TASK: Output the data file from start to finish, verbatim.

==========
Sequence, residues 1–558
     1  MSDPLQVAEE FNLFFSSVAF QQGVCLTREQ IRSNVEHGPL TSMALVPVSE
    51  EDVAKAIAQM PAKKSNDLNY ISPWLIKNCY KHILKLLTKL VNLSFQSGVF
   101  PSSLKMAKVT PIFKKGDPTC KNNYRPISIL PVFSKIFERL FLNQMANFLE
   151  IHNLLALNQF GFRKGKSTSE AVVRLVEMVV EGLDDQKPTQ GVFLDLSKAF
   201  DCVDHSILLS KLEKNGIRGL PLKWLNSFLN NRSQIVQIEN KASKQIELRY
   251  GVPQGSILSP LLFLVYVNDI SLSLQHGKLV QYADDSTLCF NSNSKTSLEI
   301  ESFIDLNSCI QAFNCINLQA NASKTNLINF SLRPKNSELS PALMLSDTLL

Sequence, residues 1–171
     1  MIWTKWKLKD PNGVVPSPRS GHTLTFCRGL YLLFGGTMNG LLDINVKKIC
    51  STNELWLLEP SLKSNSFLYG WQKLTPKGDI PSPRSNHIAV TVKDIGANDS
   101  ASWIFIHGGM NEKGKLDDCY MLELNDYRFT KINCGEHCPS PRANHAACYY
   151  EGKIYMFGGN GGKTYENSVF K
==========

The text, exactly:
Sequence, residues 1–558
     1  MSDPLQVAEE FNLFFSSVAF QQGVCLTREQ IRSNVEHGPL TSMALVPVSE
    51  EDVAKAIAQM PAKKSNDLNY ISPWLIKNCY KHILKLLTKL VNLSFQSGVF
   101  PSSLKMAKVT PIFKKGDPTC KNNYRPISIL PVFSKIFERL FLNQMANFLE
   151  IHNLLALNQF GFRKGKSTSE AVVRLVEMVV EGLDDQKPTQ GVFLDLSKAF
   201  DCVDHSILLS KLEKNGIRGL PLKWLNSFLN NRSQIVQIEN KASKQIELRY
   251  GVPQGSILSP LLFLVYVNDI SLSLQHGKLV QYADDSTLCF NSNSKTSLEI
   301  ESFIDLNSCI QAFNCINLQA NASKTNLINF SLRPKNSELS PALMLSDTLL

Sequence, residues 1–171
     1  MIWTKWKLKD PNGVVPSPRS GHTLTFCRGL YLLFGGTMNG LLDINVKKIC
    51  STNELWLLEP SLKSNSFLYG WQKLTPKGDI PSPRSNHIAV TVKDIGANDS
   101  ASWIFIHGGM NEKGKLDDCY MLELNDYRFT KINCGEHCPS PRANHAACYY
   151  EGKIYMFGGN GGKTYENSVF K